MUNICH, GERMANY. It was not a spur-of-the-moment decision that I was in Munich during Christmas Day. I was there because Munich was the starting point of the 2-week tour that my family and I joined in. Anyhow, I will discuss more about that as we go along!
It was actually my first time to spend Christmas Day in Europe so to fill in the gaps, I did some research before the trip and found out that Europe during this day is as quiet as it can get. Since people usually stay in and celebrate the momentous day with their family, the streets are mostly devoid of people and almost all of the restaurants and the shops are closed, with the exemption of some restaurants which offers Christmas lunch which more often than not is not open to walk-in customers.
I arrived in the Hauptbahnhof area with so much excitement and a growing awe of my surroundings. Everything demanded attention. The modern regional trains that lined up on their respective railways, the Germans that were towering in height, the various sandwiches that look so yummy on display from the stalls' showcases, the glittering Christmas lights and holiday decorations that were hanging from the ceiling and displayed on the train station's entrance. Even the littlest things are interesting. Everything was magnificent. If not for the cold weather, I would have gone gaga and ran all over the place just to remind myself that everything I am seeing is real and not a dream that I would wake up to after an hour or so. But since we are not used to the 4 degree-temp, all we could do was stand and be still for a while, pray silently that we would be able to surpass the coldness until we check in into our hotel.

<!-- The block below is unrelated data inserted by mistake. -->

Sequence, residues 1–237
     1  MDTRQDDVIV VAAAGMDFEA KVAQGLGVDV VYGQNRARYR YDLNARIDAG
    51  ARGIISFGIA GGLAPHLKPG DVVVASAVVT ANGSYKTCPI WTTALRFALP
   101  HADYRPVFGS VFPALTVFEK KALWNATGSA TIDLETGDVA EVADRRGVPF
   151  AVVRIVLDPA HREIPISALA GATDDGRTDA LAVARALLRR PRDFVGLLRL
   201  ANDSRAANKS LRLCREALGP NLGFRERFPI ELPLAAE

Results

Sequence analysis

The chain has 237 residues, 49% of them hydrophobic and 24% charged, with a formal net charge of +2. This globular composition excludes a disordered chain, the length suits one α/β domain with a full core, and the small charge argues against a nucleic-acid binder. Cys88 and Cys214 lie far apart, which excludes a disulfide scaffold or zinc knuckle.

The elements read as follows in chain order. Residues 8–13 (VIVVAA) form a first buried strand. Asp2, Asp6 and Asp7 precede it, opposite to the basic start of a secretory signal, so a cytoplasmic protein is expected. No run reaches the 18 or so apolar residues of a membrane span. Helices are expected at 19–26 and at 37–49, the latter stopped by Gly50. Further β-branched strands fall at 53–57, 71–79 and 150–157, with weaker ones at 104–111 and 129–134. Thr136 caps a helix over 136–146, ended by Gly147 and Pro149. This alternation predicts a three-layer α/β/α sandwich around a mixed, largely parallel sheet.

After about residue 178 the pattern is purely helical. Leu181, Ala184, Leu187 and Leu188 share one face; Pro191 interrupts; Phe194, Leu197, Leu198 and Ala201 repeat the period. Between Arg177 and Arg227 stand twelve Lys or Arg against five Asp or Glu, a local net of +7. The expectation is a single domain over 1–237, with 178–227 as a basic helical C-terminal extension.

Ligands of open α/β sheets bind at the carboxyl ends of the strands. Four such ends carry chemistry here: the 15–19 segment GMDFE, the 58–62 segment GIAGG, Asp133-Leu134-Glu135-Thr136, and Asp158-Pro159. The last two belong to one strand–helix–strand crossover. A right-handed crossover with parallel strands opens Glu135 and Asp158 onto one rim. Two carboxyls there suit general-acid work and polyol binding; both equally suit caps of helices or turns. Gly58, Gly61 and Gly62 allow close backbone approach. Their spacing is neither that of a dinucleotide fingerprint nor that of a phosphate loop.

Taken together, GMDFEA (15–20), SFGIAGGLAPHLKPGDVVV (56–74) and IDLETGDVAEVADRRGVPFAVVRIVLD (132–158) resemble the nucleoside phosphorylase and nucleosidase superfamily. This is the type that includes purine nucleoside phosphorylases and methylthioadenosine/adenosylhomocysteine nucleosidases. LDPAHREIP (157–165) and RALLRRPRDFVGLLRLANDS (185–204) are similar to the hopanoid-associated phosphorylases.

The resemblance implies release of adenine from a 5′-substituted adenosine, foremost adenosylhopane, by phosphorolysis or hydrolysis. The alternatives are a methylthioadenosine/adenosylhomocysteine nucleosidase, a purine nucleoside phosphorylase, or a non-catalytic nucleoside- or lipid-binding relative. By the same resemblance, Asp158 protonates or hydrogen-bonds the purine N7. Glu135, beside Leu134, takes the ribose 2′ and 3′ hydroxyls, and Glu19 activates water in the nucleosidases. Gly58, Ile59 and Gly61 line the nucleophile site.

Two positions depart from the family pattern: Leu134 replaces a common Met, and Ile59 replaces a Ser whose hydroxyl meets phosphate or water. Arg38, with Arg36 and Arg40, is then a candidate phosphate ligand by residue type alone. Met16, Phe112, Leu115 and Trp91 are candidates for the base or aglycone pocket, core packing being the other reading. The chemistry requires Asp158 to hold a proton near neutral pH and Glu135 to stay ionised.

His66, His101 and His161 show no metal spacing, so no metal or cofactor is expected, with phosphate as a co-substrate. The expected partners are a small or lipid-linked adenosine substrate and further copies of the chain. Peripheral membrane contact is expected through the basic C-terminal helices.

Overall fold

After checking in and settling down our things in our hotel room, we just grabbed our thermal wears, wore them and bolted once again out of the hotel and into the cold December afternoon. First stop: Marienplatz. We used our Airport-city-day-ticket to take the five of us from the Hauptbahnhof to Marienplatz; just two stations away by S-bahn and we were already there.
I already have played an image of Marienplatz in my mind before coming to Munich, but what I saw as I ascend the escalator from the S-bahn station was something different from what I envisioned. There were no crowd, just few people in the streets and some debris of the Christmas market stalls that gave the Germans and the tourists some happiness a few weeks prior. Nonetheless, the grandeur was still the same with the Glockenspiel, the Peterkirche that I was seeing from the distance and all. It was still the Marienplatz that I dreamed about.
We walked along the first side street that we encountered and walked some more passing by Cafe Glockenspiel and Zara Home until we reached Sendlinger street. From here we walked a little further until we came across a facade of a small church. Asamkirche it was and it was owned by the Asam brothers as their private church. Aside from the fact that the church served as a refuge away from cold temperature outside, we also had a hard time leaving it because of its intricately designed interior fusing architecture, painting and sculpture in harmony that we could not stop looking at.
We went back out again and walked some more until our feet could no longer move a meter more and until our body could not anymore endure the cold. Yes, the streets may be devoided of people and was reminiscent of a ghost town during Christmas day but I felt lucky still because really, how frequent is it that one would be able to enjoy Munich and the Marienplatz almost all by himself?